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The Rocky Road to a "Drug Free Tennessee": A History of the Early Regulation of Cocaine and the Opiates, 1897-1913

Jeffrey Clayton Foster
Journal of Social History
Vol. 29, No. 3 (Spring, 1996), pp. 547-564
Published by: Oxford University Press
Stable URL: http://www.jstor.org/stable/3788945
Page Count: 18
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The Rocky Road to a "Drug Free Tennessee": A History of the Early Regulation of Cocaine and the Opiates, 1897-1913
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Abstract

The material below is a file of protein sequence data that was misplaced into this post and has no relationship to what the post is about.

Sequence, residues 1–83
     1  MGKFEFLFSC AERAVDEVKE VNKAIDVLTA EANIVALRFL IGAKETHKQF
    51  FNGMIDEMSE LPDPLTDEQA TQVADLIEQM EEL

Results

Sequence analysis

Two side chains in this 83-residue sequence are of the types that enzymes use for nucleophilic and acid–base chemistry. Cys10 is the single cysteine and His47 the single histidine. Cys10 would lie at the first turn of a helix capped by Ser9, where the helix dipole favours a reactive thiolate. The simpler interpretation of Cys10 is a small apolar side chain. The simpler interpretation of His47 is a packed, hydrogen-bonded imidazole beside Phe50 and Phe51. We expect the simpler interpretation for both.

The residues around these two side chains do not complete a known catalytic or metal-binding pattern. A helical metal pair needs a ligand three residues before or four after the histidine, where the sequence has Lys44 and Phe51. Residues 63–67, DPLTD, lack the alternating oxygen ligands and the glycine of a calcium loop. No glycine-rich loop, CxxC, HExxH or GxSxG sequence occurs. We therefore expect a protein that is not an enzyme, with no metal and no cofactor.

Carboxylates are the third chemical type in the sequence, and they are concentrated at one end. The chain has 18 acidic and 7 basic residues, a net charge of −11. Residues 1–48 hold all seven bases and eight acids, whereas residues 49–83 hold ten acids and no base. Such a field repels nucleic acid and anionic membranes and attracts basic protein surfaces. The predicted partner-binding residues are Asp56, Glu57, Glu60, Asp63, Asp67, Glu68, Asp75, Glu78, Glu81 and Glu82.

In nineteenth-century Tennessee, as in the rest of the South, opium and cocaine constituted an integral part of the pharmacopoeia and were widely administered by doctors. Due at least in part to this accepted position in medical culture, usage of these drugs was tolerated by the upper and middle classes. Toward the end of the century, however, Tennessee doctors began to attack the drugs, particularly opium. Soon thereafter, the legislature forbade the purchase of cocaine without a prescription. Although the legislature repeatedly attempted to treat opium in the same manner, these efforts were unsuccessful for many years. Some historians have contended that this "cocaine-first" regulative pattern resulted from legislators' fear that blacks, who were thought to be the primary users of the drug, would go on violent rampages while under its influence. This article, however, argues that regulation occurred as it did because both black and white members of the lower classes, by using cocaine openly during the 1890s, rejected the dominant white culture's norm of private drug use that had grown up alongside the drugs' acceptance in medical culture. When this rejection occurred, cocaine quickly fell under the power of the dominant culture. However, opium, by its nature a more introspective drug, better fit the dominant norm; and thus it resisted regulation much longer.

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